Free As a Bird: A Q&A with Umut Yamac, Designer of the Perch Collection for Moooi
You can always count on Moooi to come out with designs that are luxurious yet playful. With its array of personable folded paper birds, the Perch Light collection is no exception. This perky flock is officially one of our new favorite things. So, to get a little more insight into the fun collection, we spoke to its designer, Umut Yamac.
YLighting (YL): How did you become interested in pursuing product and architectural design? Professional highlights to date? What do you like most about your work?
Umut Yamac (UY): My design life probably started when I first saw a photograph of the Vitra Fire Station by Zaha Hadid during an art class at school. I was so struck by the beauty of the building that at this moment I decided I would study Architecture.
I went on to study at the Bartlett School of Architecture in London where my studies were very much focused on the design process and making them. During this time, I spent a lot of time in the workshop making objects, models, and installations and exploring the properties of materials and how they go together.
After graduating and working for a number of years at renowned architecture practices, I set up my studio to focus on smaller scale design projects where I could be more directly involved in the design and fabrication process. The architectural quality of the work is still there – in terms of how the work is responsive to the user and the space, such as the Perch Lights. But there is also a playfulness, which I am keen to explore further.
YL: How did your collaboration with Moooi come about?
UY: I presented the first handmade pieces at Design Junction during the London Design Festival in 2014, where I met Casper Vissers (co-founder of Moooi) and we decided to collaborate. Later that year, the collaboration with Moooi started and we developed the designs into a family of six pieces, which were launched in Milan in April 2016.
YL: What inspired you to go with birds?
UY: I have been fascinated by birds since studying Architecture. They have a very rich symbolic and cultural significance and are both familiar and mysterious, which is very unique. I think that they add another layer of meaning and interpretation to the light, which makes the designs more accessible and personal. The bird is also a fitting association with the concept of balance, which was the starting point for the project.
YL: In fact, much of your work appears to be focused on the theme of flight. What is it about flying/floating that captures your imagination and compels you to design around it?
UY: I think the free movement of a flying bird touches on an inherent human yearning for freedom. I am also fascinated by the responsiveness of a flying bird – it is contact balance with the elements, such as wind, yet appears so graceful, effortless and light, both in its movement and impact on its environment.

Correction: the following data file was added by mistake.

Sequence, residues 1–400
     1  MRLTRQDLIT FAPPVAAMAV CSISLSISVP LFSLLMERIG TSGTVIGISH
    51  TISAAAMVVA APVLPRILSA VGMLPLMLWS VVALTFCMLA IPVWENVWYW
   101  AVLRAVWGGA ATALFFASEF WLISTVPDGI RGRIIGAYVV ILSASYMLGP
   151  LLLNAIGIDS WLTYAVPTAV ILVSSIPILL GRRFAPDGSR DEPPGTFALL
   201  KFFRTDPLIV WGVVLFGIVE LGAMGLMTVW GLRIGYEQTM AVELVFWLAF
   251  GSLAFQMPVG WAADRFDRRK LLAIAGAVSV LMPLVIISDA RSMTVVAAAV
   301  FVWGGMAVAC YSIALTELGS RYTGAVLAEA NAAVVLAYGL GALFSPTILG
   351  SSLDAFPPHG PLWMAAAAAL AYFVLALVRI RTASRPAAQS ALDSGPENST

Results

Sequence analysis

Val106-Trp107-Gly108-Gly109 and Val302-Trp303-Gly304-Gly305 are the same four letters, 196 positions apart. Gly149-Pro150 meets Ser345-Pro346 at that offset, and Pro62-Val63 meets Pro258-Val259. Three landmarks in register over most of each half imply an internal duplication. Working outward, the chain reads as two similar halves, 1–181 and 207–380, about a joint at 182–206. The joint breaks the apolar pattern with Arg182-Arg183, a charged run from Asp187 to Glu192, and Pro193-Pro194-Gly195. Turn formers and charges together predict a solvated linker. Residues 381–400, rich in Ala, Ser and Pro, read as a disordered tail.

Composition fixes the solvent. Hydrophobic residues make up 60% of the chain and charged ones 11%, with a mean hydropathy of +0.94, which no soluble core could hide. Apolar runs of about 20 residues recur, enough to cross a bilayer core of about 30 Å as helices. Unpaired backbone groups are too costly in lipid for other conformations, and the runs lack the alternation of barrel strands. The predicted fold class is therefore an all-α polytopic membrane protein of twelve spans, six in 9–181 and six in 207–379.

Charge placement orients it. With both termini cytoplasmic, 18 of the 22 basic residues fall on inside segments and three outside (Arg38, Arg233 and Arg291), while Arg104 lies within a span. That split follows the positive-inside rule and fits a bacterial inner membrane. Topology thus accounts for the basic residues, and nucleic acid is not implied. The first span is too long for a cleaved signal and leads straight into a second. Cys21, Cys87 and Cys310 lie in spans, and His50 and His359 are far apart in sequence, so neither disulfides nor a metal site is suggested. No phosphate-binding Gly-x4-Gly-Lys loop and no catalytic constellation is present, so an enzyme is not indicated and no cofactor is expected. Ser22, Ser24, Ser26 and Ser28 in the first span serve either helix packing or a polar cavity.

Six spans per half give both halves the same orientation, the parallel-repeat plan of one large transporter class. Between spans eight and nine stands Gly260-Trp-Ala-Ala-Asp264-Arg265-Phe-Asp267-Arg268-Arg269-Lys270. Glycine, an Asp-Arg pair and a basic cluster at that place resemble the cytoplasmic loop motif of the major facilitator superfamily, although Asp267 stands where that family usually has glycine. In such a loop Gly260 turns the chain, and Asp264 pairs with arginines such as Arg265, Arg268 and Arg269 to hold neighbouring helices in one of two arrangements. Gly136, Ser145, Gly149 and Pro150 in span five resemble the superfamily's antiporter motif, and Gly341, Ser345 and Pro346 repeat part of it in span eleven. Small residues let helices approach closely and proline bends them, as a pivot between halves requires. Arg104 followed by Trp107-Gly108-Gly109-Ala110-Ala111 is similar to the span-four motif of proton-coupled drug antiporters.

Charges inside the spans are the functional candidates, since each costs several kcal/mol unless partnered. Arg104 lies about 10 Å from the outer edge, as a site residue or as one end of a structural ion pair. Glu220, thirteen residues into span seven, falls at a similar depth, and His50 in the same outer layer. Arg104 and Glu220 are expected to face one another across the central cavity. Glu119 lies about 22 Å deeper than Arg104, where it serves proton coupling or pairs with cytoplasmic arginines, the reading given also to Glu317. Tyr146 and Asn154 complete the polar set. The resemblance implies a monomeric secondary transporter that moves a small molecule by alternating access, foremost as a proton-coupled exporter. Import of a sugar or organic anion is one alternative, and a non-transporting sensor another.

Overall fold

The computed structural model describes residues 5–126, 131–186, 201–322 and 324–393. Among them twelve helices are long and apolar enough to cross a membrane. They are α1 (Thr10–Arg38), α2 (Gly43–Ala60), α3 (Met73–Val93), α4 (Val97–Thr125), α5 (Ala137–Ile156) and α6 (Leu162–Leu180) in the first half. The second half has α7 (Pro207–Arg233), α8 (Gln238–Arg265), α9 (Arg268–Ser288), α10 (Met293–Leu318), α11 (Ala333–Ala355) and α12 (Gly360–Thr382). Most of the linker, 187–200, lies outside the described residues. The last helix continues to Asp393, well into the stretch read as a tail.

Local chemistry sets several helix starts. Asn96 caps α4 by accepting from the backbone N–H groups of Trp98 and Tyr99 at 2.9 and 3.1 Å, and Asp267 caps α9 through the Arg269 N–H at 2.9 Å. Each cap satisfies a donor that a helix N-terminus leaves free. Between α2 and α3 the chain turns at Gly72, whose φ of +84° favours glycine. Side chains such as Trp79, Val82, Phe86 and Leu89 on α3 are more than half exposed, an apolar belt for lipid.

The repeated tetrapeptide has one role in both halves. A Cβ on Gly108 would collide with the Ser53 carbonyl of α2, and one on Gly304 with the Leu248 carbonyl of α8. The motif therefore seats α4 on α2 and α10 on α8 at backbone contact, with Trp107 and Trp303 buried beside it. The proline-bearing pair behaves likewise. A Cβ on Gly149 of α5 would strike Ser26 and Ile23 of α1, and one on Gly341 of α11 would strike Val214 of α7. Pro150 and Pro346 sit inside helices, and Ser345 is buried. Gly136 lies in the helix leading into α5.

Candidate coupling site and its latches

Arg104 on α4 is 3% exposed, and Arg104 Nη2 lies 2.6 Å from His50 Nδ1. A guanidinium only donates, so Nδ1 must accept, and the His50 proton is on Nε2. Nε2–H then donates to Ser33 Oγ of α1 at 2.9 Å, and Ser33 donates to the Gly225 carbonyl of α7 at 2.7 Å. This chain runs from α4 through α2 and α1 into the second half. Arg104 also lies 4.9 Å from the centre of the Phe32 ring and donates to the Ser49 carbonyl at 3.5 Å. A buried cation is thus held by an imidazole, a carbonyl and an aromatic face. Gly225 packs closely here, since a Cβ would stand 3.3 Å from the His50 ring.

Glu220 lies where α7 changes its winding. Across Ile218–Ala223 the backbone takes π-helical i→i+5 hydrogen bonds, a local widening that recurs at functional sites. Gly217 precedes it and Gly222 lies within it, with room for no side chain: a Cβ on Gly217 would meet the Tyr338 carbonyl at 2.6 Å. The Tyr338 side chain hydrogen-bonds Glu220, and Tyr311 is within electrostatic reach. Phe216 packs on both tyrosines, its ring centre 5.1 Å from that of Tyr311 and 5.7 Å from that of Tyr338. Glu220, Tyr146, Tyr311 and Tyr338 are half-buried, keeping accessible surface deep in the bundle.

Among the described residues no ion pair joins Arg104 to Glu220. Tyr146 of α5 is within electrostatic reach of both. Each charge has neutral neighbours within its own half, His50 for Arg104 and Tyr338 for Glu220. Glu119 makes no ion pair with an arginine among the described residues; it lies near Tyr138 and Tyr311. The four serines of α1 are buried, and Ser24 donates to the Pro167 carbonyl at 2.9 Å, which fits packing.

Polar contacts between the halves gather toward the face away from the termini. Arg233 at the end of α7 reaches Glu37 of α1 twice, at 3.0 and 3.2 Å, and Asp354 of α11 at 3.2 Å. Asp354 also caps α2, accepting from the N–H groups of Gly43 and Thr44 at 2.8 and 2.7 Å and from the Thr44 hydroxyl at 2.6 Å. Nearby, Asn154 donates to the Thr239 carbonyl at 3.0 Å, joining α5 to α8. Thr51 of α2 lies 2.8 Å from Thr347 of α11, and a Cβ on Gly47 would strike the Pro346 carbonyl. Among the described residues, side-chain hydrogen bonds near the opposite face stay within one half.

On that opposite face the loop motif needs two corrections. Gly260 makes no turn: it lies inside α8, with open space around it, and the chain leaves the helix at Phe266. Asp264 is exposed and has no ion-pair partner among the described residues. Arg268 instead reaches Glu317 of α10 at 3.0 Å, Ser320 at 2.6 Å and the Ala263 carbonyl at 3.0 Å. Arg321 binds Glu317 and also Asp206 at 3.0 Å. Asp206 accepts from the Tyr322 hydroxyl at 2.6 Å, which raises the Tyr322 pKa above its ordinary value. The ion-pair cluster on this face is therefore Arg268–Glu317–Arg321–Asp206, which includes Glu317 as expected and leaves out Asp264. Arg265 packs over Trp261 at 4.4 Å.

YL: With their long tails, the birds’ shape is pretty unique. Was that primarily an aesthetic choice, or does it also serve a specific function?
UY: The form was a combination of form and function. It was developed through numerous prototypes that explored the positioning of counterweights to achieve balance, but also to create the desired motion when touched and suggest the tail of a bird.
YL: To touch just a bit more on the functionality of the Perch pieces, how would you describe the quality of the light that they produce? Is it bright?
UY: The quality of the light is warm (2700k) and about 150 lumens for a single large bird, so not too bright. I would describe it as an atmospheric warm glow that would be complementary to a space.
YL: Where do you envision the Perch lights to be most at home?
UY: There are six different versions within the Perch Light family, so it’s a very flexible collection. Single birds would be at home alongside the bed, whilst a larger space such as a dining room or reception area could be brought to life with a Branch or Tree. The great thing about the Perch Lights is that they can also be customized – the birds can be removed and reconfigured to face in either direction or sit in different positions.
YL: Thanks for taking the time to speak with us. What’s next for you?
UY: As well as working on more exciting furniture and lighting pieces, I plan to work at a larger scale where I can combine my architectural work with the products and lighting, to create spaces of play and intrigue.
Ready to explore your own inner desire for flight (and conversation-starting modern design)? Then look no further than the Perch collection.
As the Content Marketing Manager for YDesign Group, Nissa has been writing about lighting, furniture and decor for many years. Considering that there's always something new out there, she'll likely write about them for many years more. She loves all things modern design, especially those designs that reinterpret classic forms in cool, imaginative ways. If she had her way, she'd spend all her money on such pieces (and wine).